Inspired by the Rev. Dr. Martin Luther King Jr.
January 15, 2020
Dear Students and Colleagues:
The Rev. Dr. Martin Luther King Jr.’s iconic “I Have a Dream” speech inspired a generation to move closer to our Founding Father’s declaration that “all men are created equal.” As we honor Dr. King’s legacy on this upcoming holiday, it is worth reflecting on how the great civil rights leader’s words of wisdom align with our mission at Drexel University.
“Life’s most persistent question is, ‘What are you doing for others?’ ” Here at Drexel, I am proud to see that the call to be civically engaged has echoed throughout the University, from the deans, to the faculty and professional staff, to our passionate and deeply engaged students. Whether in our local neighborhoods, in the community around the Stephen and Sandra Sheller 11th Street Family Health Services, in the nonprofit placements of our student leaders in the region or around the world, Drexel seeks to do for others in ways large and small.
“The function of education is to teach one to think intensively and to think critically. … Intelligence plus character – that is the goal of true education.” Experiential education – learning by doing – lies at the heart of our educational model. Co-op provides students with the opportunity to apply their classroom knowledge directly to real-world solutions. So too, our students are asked to bring their knowledge to explore solutions as a regular part of their coursework, whether as freshmen or seniors.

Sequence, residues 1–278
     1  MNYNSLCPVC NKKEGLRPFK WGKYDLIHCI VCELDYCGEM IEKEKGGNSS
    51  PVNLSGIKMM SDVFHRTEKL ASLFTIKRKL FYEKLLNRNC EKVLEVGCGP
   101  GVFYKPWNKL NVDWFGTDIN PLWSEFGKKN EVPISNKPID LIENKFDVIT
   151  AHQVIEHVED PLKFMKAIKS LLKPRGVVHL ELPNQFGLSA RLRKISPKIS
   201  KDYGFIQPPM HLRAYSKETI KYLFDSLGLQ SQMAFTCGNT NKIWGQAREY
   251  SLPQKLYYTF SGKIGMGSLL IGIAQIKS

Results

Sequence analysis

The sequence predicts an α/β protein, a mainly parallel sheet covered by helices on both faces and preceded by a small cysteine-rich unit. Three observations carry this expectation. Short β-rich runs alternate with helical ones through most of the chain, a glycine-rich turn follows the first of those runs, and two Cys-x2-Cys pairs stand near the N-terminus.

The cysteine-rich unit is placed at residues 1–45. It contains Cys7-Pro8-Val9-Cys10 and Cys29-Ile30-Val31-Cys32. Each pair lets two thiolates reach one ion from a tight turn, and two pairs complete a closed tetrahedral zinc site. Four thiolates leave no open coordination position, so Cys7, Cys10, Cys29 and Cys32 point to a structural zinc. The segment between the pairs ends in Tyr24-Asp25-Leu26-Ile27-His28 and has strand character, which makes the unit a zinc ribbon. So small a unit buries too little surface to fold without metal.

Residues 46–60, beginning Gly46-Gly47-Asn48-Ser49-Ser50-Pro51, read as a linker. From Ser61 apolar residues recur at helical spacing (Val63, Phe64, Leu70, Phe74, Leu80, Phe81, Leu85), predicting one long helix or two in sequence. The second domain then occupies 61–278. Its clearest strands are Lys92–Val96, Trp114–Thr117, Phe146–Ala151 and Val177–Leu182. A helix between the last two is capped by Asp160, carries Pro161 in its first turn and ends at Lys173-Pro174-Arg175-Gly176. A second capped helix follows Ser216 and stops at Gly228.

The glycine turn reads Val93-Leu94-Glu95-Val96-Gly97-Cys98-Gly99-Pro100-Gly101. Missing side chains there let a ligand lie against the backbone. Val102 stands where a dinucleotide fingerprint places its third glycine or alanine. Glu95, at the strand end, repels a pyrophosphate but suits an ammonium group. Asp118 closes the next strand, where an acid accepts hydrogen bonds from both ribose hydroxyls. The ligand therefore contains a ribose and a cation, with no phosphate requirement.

“Nothing in the world is more dangerous than sincere ignorance and conscientious stupidity.” We take pride in being a dispassionate and wide-ranging research engine, and we welcome investigation and exploration. As an R1 research institution, we are committed to dealing in facts that are grounded in truth, science and reality so our community – and indeed, the world — can make informed decisions.
“Be a bush if you can’t be a tree. If you can’t be a highway, just be a trail. If you can’t be a sun, be a star. For it isn’t by size that you win or fail. Be the best of whatever you are.” We have seen over and over again the value of individual effort, the potential that each member of the Drexel community brings to our shared work as a university. We reflect a wide diversity at Drexel — our students come from 46 states and 127 countries, and they study in more than 200 degree programs. Their achievements are often as individuals. But they also work in teams, challenging each other, learning together, being the best they can be.
Dr. King led by example and left a legacy of tolerance, acceptance and civil discourse that helped change the world. He led with a deep humanity and a respect for individual integrity and the power of collaboration. We strive to uphold these principles at Drexel through our unwavering commitment to diversity and inclusivity. I hope you will join me in honoring Dr. King through our continued support of living out his ideals.